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Shoulder Injuries in the Gym: Pec Injuries

pec injury are common at the gym

Mr Dan Rossouw discusses what symptoms to look out for when suffering from a pec injury and what treatment options there are.

New Year is here and we all know what that means: New Year’s resolution of getting fit at the gym. Unfortunately, that does mean injuries for some – including pec injuries.

Pectoralis Major injuries are one of the commonest shoulder girdle injuries I see needing my surgical attention. Although the P.Major is a big muscle, it can be injured by some seemingly minor activities.

The ‘pec’ is made up of two muscles, originating from the Clavicle (collarbone), and from the Sternum (breastbone). These two portions become flattened tendons as they near the humerus, twist partially around each other and the join onto the top part of the humerus.

If you grip the front portion of your armpit, the pec is between your fingers. A useful test to check the muscle is to stand with your hands on your hips and try to squeeze your hands towards each other. This is a manoeuvre used by competing athletes to ‘show’ their muscles, but can also tell if the muscle has been injured. Check it out in front of the hall mirror when no one is watching!

How can the Pecs be injured?

The fleshy part of the muscle can tear, much like a hamstring tear. As pec injuries go, this is good news as it can heal with rest and a bit of rehab. Unfortunately, this is the less frequent pattern of injury. More commonly, the injured area is the muscle attached to the bone – a more difficult problem altogether.

The sequence of unhappy events that occurs is usually an unexpected or overwhelming load applied to the already strained arm and the muscle fails at the weakest point – the bony attachment. This can be because of an over-enthusiastic bench press, or the incorrect placement of the weights by the assistant causing a large weight to be applied to the arm.

What do I do if the worst happens?

If pec injuries result in detachment from the bone then it has to be reattachment – only can be done via surgery I’m afraid – no rest or rehab will help in this injury. Also, the muscle bunches up to form a rounded ball shape under the skin, pretty much like a bad boob job! Worse still, it twitches when you use your arm. Not surprisingly, most inured fold seek help to get it reattached.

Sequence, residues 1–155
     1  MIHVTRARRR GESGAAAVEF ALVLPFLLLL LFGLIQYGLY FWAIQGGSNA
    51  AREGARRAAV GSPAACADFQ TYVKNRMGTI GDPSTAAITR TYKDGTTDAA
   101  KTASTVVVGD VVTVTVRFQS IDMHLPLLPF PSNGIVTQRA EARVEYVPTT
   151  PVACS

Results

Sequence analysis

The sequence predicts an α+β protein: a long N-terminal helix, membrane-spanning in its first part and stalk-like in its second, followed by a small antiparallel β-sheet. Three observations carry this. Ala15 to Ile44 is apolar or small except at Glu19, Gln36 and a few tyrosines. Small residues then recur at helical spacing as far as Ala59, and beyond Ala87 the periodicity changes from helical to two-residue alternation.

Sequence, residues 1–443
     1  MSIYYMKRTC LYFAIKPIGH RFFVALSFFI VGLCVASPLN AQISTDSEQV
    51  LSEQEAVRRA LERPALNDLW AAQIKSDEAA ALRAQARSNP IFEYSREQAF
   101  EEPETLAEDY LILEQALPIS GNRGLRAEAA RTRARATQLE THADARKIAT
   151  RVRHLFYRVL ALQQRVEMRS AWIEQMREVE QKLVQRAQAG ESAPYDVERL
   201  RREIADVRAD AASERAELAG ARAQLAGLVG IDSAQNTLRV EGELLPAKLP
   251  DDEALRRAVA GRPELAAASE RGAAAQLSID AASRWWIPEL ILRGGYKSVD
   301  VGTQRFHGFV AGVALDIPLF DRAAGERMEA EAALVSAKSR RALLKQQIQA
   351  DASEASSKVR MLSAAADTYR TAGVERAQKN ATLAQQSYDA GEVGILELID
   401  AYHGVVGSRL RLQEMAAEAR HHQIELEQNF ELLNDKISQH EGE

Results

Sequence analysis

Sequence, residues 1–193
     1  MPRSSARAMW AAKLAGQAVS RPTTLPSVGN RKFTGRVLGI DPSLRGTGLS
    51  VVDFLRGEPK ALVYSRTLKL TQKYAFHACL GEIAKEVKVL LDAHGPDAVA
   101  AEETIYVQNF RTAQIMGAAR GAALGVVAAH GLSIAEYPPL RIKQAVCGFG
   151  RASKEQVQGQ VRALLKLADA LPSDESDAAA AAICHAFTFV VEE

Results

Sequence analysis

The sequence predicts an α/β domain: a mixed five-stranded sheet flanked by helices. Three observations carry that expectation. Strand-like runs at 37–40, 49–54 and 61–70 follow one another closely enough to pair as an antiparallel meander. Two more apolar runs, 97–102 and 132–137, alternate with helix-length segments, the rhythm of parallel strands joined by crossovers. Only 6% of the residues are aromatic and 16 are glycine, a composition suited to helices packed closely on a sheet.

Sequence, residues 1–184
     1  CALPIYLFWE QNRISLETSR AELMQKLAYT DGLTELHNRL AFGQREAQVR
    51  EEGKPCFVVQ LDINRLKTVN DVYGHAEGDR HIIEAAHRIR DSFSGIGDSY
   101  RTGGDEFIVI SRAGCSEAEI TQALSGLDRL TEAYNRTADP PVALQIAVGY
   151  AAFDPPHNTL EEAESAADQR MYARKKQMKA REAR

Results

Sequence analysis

How is this done, and what does it mean for you?

This is not a keyhole job, but needs an ‘open’ operation with a cut in the top of the arm, about 5-8cm long. After the pec injury, the muscle will retract and bunch up, a situation that can become fixed and non-repairable within a few weeks!

Good advice is to get these injuries dealt with very quickly, preferably within days if you want a successful outcome. Waiting too long can cause such severe muscle scars that repair is not possible.

The tendons are repaired to the bone quite firmly by using small tacks or anchors, but still then must heal to the bone by scarring before normal service can resume. This process needs to be nurtured, given time and respected; otherwise it will fail.
It’s a slow cook recipe rather than a fast roast but the rewards are a much better long-term result. Often, the function can be entirely normal after 3-6 months, with only a scar to remind you of your ‘misadventure’. Your surgeon and therapist will want to keep you reigned in until they are confident the repair is strong.


Remember, using oral or injected steroids significantly weakens tendons and will predispose to this sort of injury. My advice, Say ‘no’ to steroids!

Happy training!

Mr Dan Rossouw

Mr Rossouw has a keen interest in shoulder surgery and the management of shoulder conditions, including rotator cuff injuries, shoulder instability and shoulder dislocations. He has undertaken extensive research on rotator cuff repair and shoulder arthroscopy. He is an enthusiastic and highly regarded trainer amongst his colleagues. Mr Rossouw is a Consultant Orthopaedic Surgeon for Barnet and Chase Farm Hospital and has joined the Orthopaedic faculty of the Royal Free London NHS Foundation Trust.

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